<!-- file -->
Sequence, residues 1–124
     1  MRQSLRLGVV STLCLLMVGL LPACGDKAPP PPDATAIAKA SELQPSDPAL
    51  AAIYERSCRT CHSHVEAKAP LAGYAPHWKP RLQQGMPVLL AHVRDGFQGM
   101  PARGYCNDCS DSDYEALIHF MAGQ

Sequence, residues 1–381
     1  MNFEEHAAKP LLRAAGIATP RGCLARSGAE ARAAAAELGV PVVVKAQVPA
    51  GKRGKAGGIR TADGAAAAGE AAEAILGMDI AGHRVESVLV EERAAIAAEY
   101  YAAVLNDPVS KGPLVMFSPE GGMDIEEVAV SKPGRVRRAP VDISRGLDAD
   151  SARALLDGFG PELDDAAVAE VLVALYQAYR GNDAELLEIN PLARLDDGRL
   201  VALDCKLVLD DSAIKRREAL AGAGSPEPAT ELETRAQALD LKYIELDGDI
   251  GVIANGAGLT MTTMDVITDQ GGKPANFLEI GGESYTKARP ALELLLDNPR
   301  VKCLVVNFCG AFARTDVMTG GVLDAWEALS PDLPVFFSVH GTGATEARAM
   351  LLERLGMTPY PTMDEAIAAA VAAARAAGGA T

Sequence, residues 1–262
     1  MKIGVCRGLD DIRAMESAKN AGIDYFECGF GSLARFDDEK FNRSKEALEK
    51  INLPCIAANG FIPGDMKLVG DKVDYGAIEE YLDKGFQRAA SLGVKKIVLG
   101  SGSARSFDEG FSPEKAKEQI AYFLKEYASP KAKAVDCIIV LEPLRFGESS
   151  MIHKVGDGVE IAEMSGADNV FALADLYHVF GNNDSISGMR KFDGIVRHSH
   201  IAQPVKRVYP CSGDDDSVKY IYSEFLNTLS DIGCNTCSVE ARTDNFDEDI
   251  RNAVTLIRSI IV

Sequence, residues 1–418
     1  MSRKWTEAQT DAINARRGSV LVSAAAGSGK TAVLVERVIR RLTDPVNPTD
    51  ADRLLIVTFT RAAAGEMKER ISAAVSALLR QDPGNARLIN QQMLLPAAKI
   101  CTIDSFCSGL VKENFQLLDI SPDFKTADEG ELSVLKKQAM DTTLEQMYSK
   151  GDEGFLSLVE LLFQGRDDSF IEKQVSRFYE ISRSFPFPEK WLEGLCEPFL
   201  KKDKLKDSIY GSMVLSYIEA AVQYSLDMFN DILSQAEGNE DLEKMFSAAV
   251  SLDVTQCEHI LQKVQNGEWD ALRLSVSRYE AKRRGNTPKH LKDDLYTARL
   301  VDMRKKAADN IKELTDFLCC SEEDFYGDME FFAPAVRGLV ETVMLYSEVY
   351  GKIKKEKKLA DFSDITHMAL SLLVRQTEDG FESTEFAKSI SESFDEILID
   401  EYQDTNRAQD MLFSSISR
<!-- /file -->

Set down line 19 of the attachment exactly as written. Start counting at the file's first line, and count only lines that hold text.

   201  IAQPVKRVYP CSGDDDSVKY IYSEFLNTLS DIGCNTCSVE ARTDNFDEDI